With a full-house auditorium, and a room filled with a combination of athletes, students and the Manhattan College community, Gary Sanchez, the all-star catcher for the New York Yankees, walked into the Great Room of the Kelly Commons in the middle of loud cheering.
This was a big event, not only because a star of the most renowned baseball team in the world was giving a talk, but for historical reasons: it was the first lecture of this series held in Spanish.
“One of the main requirements that Gary had to speak at MC, was to keep the lecture strictly in Spanish,” said Isabel Quiñones, vice president of Fuerza Latina. “He mentioned a few times in his interview that he can speak English but he feels most comfortable in his own language.”
On behalf of the college, Sharon Ortega, coordinator of Student Engagement, was the person in charge of moderating the interview, and started by asking him about his trajectory to finally be a Major-League baseball player.
Seated next to his translator, Sanchez started by sharing that, when he was 16 years old, he left school and exited the Dominican Republic towards Tampa Bay to start playing in the minor leagues of its current team, the New York Yankees.
“In Dominican Republic there are no major leagues, nor in Puerto Rico, so I had to leave without knowing the language, to learn a different culture… the first years are always rough, but after that, when you get used to it, is much easier,” said Sanchez in a private interview with The Quadrangle.
He also described how difficult it is to play in the Minor Leagues because all the comfort and prestige associated with this sport is achieved only when players are playing in a professional league.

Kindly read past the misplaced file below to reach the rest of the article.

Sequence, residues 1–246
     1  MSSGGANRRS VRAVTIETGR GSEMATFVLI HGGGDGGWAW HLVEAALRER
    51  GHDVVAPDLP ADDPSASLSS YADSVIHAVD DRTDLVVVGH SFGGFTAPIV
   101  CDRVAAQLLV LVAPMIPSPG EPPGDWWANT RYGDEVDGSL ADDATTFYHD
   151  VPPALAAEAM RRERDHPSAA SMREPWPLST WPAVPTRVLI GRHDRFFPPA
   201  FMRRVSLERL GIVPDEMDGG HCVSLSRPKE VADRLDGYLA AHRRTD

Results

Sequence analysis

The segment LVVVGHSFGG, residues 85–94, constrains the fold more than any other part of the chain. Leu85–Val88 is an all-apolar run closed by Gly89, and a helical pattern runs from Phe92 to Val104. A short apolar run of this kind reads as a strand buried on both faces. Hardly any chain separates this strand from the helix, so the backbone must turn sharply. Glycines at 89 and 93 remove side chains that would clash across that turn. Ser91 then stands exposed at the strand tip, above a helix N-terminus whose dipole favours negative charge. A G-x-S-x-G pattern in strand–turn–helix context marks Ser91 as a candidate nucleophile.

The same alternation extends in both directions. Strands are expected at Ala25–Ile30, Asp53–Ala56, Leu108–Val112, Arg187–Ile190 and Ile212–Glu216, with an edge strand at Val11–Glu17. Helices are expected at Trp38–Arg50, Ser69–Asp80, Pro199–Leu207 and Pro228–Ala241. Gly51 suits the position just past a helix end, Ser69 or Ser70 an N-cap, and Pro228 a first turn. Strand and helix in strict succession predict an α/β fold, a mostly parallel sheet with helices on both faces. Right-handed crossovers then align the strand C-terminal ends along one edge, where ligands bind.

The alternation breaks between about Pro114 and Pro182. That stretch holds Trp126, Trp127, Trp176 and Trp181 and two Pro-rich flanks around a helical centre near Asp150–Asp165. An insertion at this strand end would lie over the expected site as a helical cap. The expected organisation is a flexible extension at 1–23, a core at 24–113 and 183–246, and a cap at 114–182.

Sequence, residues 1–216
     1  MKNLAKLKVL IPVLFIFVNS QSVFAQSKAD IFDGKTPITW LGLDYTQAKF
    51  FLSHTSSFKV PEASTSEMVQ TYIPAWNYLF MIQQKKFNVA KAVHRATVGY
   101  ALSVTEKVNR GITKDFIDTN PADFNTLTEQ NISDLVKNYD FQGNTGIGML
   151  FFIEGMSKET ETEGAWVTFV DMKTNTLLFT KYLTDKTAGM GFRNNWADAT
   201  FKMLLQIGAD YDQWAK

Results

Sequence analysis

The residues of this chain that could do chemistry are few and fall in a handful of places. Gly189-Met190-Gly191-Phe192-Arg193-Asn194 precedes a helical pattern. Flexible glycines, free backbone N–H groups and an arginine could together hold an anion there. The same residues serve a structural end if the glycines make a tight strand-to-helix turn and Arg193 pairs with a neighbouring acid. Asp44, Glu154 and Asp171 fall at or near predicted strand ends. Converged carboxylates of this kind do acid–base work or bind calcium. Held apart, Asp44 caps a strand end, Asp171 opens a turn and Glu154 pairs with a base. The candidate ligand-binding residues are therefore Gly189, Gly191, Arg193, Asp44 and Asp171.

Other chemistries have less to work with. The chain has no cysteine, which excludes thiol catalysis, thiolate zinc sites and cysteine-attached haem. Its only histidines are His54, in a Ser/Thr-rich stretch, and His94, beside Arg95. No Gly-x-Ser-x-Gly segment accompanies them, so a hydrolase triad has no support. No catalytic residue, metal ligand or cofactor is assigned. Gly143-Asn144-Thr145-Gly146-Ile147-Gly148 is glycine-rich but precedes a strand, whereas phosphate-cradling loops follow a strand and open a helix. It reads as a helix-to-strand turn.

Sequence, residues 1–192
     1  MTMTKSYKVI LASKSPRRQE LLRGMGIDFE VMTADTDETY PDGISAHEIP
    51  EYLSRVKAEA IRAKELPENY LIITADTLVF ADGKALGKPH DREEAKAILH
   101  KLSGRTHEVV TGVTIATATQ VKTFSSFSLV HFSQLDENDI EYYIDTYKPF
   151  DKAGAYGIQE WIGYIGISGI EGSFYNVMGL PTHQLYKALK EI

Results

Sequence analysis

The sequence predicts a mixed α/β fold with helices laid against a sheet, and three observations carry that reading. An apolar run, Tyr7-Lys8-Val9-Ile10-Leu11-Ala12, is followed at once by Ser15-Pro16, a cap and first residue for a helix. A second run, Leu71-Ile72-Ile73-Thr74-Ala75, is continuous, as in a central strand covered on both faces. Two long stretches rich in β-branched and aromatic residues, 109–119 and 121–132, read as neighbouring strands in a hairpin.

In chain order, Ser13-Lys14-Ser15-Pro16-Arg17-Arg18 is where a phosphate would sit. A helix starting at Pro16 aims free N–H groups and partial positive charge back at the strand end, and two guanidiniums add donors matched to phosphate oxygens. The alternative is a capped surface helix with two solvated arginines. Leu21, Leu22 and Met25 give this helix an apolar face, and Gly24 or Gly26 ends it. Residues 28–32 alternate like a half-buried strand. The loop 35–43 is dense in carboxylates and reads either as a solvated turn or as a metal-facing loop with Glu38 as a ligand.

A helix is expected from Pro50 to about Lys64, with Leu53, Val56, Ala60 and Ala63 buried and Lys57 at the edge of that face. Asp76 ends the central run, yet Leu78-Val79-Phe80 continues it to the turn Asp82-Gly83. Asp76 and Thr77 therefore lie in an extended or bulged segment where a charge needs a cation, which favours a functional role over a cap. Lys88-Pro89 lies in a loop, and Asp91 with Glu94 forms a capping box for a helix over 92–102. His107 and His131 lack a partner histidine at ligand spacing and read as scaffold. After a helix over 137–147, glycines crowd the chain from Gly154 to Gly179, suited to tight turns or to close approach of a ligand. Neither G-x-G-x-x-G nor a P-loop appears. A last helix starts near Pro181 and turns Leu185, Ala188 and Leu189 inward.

“Sometimes we would travel 12 or 14 hours in a bus… Now, in a plane, the flights are only four to five hours. Is much more comfortable and the players are able to focus on what really matters,” he said.
But not everything is easy in the Major Leagues. When the season ends, Sanchez takes a rest for three weeks to allow his body to rest after the tedious season, and he is then focused on going to the gym to avoid gaining weight, he keeps a balanced diet, and moreover, practice for the moment when he has to return to the diamond and step on the home base.
During this free time, Sanchez also dedicates time to his wife and daughter, either on vacations around the world or visiting Dominican Republic. Being a foreigner in the United States is not easy, and the thing that he misses the most is his family that stayed in his native country.
The lecture was a complete success, but nothing would have been possible without Student Engagement and clubs like Fuerza Latina, who sponsored the event and were in charge of the organization and safety of the athlete.
“I knew that, as a club, we needed to be involved in some way with this event,” said Anna Rosario, president of Fuerza Latina. “Personally, I think the event was a huge success! I think this opens up the door to the possibility of maybe having other lectures given in different languages.”
The life of this baseball player has not been a never-ending uphill battle, and during the time he was in Trenton on a double-A team, he realized he needed to rise up and perform better if he wanted to give a good life quality to his daughter, who was born while he was on the minor league team.
But every stumble has been worth for Sanchez. Now, he is playing in the same league as his idol, Manny Ramirez. His vision is to stay in the New York Yankees at least 10 to 15 years more and retire in the team he loves. With new changes in the administration of the team, he only sees how his team is being reinforced to achieve the so-wanted World Series and win it.
During his lecture, he expressed that whoever wants to be where he is, has to expect very good and very hard situations, but always keeps his head up.
“When you feel down, how they say in Dominican Republic, keep pushing forward,” Sanchez said. “We are humans, we make a lot of mistakes. What we have to do is to learn from those mistakes, and after we learn from them, we need to make sure we don’t make them again.”
The formal training for pitchers and catchers starts in approximately two weeks to be ready for the pre-season that starts at the end of the month, and for the regular season that starts at the end of March.